Artistic creator of French dolls continues to teach classes
Published 12:00 am Sunday, May 12, 2013
For a long time, dolls in the image of the French Bebes (child dolls) have been coveted the world over.
Local artist Mary Metz has mastered her skill at recreating these beautiful dolls, which were the preferred doll of children everywhere during the late 1800s.
The Spencer Doll and Toy Museum is currently showcasing Metz’s dolls, which do have an eerily realistic and alive quality about them.
The stunning re-creations in fine hand-painted porcelain and luxurious costumes are certainly a sight to behold.
Metz first expressed her love for antiques reproductions through ceramics and painting. After being offered the chance to take a ceramic painting class, she eagerly signed up.
Little did she know, they would be painting ceramic dolls. After the class ended, Metz displayed her creations in her ceramic shop, where they garnered the attention of her employees and customers. People began lining up to have her teach them what she learned.
When asked how many dolls she made in her 35 years of experience, Metz laughs.
“I’ve made a lot of dolls,” she said.
Between three display cases at home, two in her workshop and one at the Spencer Doll and Toy Museum, there are too many to count.
Metz eventually sold the ceramic shop and began selling handmade dolls in the wholesale business and teaching classes.
After retiring, she started teaching classes three times a week on how to make copy antique dolls.
Metz’s classes specialize in making two kinds of antique reproduction French dolls — Bru and Jumeau.
Metz’s favorite style to make is the Bru.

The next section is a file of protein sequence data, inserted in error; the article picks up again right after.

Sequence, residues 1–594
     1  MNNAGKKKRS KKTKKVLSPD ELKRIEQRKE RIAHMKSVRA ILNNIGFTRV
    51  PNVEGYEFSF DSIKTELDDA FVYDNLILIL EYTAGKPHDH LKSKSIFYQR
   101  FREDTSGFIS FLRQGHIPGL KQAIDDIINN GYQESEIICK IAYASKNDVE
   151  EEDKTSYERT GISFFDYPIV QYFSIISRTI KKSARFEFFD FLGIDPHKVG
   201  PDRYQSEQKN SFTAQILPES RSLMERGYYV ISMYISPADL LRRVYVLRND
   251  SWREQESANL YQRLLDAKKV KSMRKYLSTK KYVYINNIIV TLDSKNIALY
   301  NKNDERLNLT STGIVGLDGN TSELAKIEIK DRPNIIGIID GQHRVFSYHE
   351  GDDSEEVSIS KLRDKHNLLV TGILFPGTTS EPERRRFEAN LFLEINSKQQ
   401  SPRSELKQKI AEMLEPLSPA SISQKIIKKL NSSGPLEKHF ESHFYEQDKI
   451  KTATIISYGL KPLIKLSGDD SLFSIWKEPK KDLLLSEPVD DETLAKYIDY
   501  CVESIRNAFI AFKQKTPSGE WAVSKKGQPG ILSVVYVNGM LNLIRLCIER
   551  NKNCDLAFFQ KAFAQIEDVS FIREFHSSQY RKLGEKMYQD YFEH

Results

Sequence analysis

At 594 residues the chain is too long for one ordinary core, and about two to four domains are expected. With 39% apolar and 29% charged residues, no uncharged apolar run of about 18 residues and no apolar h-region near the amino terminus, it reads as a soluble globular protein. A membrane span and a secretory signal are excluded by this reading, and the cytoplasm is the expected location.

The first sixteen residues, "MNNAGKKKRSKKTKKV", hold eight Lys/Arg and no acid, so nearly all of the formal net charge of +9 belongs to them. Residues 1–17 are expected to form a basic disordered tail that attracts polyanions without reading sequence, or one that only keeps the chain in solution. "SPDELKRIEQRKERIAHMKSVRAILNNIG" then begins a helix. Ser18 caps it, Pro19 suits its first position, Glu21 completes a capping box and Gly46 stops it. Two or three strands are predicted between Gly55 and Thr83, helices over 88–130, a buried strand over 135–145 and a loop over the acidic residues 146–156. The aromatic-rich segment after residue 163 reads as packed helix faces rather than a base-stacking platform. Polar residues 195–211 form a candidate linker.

“They’re so much fun to make,” she said.
Even if you are new to antique dolls, it won’t take you long before you can immediately identify Bru and Jumeau Bebes on sight. The distinctive features of the dolls include large, soulful eyes and very full cheeks.
Bru dolls were produced from 1866 to 1899, by Bru, Jne & Cie, until the company was absorbed into S.F.B.J. (the Societe Francaise de Fabrication de Bebes and Jouets). That company absorbed most of the major French makers of dolls when German bisque doll makers took over the market.
Bru dolls were made in much smaller quantities than their famous French cousins, the Jumeau dolls. This is one of the main reasons, besides their beauty and artistic quality, that the prices for the dolls remain so high. By making a reproduction, doll collectors can enjoy the beauty of the dolls without spending a small fortune.
Metz said she loves teaching these classes because she is able to spread the art of creating dolls. Each doll takes five to six weeks to complete, as they begin from casting the porcelain to painting the faces.
Metz said her favorite part about creating and teaching is how satisfying the results are.
When asked what her favorite piece in the featured artist exhibit at the Spencer Doll and Toy Museum, Metz pointed to the young African American boy and girl. Both are sporting blue ribbons that she won during a doll competition.
If you’re interested in creating one of these fabulous French Bebes for yourself, the next class will begin at the end of May.
Class times usually run from 10 a.m. to 12:45 p.m. Classes begin at $48 and go up from there. This cost includes all materials except for the customizable hair and eyes.
If interested in taking the course, you can contact Mary Metz at 704-888-3474 or the Spencer Doll and Toy Museum at 704-762-9359.
Catherine Crawford and Fayeleesa Shropshire are marketing interns from North Rowan High School.